$5 fee turning park users away


Sports editor

Visits to Federal Way’s two state parks — Saltwater and Dash Point — have taken a substantial downturn in 2003, according to numbers recently released by the state Parks and Recreation Commission.

Officials are attributing the drop to the new $5-per-visit, or $50 a year, vehicle permit required to use the state’s 120 parks during the day. The commission began charging the fee in January after a December 2002 vote.

The numbers, which detail visits from January through June, at Dash Point took the most drastic fall of the two Federal Way parks. Visitors to Dash Point were cut nearly in half from 2002 to this year.

From January 2002 to June 2002, 295,259 people visited Dash Point on a day-use basis, compared to the 157,050 that went through the gates during the same months this year. Attendance from June through August will be available next month.

The numbers are less severe at Saltwater State Park — 239,159 visitors from January through June 2002, compared to 198,634 this year. More than 35 other states charge day visitors in some way, and Washington is the last western state to collect fees. Some states have per-person park user fees and others charge by the vehicle.

“When we implemented them, we knew visitors would go down 30 percent,” said Thuy Luu-Beems, a spokeswoman for the Washington Parks Commission. “But they leveled off after three years (in other states). And that is something we are anticipating and understand.”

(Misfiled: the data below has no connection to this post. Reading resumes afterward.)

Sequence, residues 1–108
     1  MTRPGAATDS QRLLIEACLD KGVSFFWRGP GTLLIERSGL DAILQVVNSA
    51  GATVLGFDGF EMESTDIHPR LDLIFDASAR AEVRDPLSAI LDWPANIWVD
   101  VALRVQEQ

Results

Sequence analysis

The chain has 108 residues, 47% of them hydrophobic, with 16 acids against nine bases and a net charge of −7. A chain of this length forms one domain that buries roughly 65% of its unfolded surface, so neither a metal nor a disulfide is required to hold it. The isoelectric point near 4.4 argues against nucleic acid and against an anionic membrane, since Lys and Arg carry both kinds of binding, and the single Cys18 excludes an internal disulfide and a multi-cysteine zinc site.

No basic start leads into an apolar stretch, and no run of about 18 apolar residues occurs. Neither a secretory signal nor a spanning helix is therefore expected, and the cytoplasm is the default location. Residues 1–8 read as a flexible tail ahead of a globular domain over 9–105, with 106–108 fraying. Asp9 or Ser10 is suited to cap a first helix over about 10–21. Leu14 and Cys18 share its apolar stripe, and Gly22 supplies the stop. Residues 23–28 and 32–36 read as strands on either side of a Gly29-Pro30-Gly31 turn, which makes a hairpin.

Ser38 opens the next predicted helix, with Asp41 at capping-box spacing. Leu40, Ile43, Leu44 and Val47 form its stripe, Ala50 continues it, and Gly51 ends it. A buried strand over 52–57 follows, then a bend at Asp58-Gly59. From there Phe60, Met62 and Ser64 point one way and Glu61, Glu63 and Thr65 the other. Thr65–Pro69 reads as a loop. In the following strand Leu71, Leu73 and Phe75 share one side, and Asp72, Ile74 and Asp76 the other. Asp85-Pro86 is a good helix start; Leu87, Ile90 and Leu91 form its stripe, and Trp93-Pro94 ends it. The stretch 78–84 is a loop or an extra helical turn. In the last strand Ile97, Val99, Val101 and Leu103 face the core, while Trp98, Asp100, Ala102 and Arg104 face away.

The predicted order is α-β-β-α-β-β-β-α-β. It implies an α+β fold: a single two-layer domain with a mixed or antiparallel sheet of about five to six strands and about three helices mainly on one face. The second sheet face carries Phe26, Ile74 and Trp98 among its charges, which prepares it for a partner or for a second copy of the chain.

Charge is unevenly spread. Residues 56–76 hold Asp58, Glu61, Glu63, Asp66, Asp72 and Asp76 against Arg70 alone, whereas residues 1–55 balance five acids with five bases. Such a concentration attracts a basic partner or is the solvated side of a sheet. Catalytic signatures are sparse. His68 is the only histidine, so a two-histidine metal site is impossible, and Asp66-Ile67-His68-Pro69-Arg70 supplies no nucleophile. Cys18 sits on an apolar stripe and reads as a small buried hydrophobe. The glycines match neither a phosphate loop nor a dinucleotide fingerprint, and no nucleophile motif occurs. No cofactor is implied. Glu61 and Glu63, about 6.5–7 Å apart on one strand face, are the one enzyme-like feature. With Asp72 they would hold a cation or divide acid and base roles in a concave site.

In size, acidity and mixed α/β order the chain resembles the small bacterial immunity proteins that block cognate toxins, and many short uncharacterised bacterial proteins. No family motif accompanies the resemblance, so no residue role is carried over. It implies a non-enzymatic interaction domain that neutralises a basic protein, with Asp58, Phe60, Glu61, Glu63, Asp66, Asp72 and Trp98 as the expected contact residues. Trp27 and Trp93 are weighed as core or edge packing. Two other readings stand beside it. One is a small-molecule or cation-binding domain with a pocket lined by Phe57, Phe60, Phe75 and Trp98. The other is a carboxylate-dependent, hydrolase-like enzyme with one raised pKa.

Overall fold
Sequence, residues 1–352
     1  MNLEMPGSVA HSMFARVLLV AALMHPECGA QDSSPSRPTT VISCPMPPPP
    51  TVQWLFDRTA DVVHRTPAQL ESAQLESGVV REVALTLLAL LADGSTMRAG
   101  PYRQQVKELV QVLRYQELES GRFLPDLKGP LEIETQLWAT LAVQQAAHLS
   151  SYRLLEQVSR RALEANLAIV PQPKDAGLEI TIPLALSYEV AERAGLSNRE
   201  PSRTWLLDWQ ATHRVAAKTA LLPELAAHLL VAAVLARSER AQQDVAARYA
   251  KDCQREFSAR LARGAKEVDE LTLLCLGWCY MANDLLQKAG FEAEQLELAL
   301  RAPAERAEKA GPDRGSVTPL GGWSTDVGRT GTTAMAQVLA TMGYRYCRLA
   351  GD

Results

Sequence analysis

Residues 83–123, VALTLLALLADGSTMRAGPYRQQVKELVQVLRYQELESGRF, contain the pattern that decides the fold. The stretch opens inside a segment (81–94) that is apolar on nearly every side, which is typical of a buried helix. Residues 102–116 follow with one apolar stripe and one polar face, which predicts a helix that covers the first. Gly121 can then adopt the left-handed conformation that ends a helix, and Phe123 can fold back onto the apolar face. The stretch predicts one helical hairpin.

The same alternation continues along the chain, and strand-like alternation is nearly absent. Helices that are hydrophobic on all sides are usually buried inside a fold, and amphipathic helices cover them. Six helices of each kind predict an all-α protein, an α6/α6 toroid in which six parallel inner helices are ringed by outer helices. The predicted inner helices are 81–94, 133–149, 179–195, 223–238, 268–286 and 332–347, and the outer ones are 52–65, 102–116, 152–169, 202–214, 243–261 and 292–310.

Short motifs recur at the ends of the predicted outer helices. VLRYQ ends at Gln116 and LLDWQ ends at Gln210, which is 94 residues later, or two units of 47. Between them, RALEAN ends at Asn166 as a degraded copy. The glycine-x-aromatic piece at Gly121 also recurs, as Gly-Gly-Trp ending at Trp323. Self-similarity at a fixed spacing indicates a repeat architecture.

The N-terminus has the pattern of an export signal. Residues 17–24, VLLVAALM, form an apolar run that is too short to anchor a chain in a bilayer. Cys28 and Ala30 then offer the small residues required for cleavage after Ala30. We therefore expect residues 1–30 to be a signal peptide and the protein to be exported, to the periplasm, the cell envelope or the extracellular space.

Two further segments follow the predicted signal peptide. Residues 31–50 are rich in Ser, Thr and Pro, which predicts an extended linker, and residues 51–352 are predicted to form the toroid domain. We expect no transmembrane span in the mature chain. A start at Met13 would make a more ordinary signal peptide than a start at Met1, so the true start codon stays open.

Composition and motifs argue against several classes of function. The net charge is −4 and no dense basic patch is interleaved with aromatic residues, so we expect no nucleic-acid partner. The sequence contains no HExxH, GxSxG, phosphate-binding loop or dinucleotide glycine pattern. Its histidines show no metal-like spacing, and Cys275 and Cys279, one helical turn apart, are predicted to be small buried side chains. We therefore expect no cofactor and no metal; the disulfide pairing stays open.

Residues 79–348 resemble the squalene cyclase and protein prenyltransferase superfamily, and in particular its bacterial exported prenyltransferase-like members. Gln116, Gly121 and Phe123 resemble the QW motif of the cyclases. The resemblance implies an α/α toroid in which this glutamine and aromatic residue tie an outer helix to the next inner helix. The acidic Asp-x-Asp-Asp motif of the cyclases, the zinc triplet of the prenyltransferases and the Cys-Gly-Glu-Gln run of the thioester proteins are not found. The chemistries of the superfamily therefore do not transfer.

Officials discussed charging parking fees for about 10 years, but held off as long as they could, Luu-Beems said. State budget cuts in the parks system necessitated the move. The budget for 2003-05 required state parks to raise approximately $12.5 million in revenue through the new fees and increases.

“(In years past) we were expected to make about 30 percent of our own money and the other 70 percent would come out of the general fund,” Luu-Beems said. “(This year) we only received 64 percent from the general fund, and we had to make the rest. And the way we bring in revenue is from camping fees and vehicle parking.”

For many years, the commission said it would only charge parking fees if the money went directly to actual park improvements. However, with the budget situation as it is, it’s unclear if state parks will be able to make those improvements. The commission now recognizes that it needs to use the money just for maintenance and operation of the parks. The priority, however, remains making park improvements whenever possible, according to officials.

Expenses include rangers and the various things they do, from managing parks to law enforcement — as well as seasonal employees — any interpretive programs, stewardship efforts, taking care of grounds and historic buildings, monitoring sewer and water systems, campground and other maintenance, public information, equipment to keep parks operating and planning and construction.

Sports editor Casey Olson: 925-5565,

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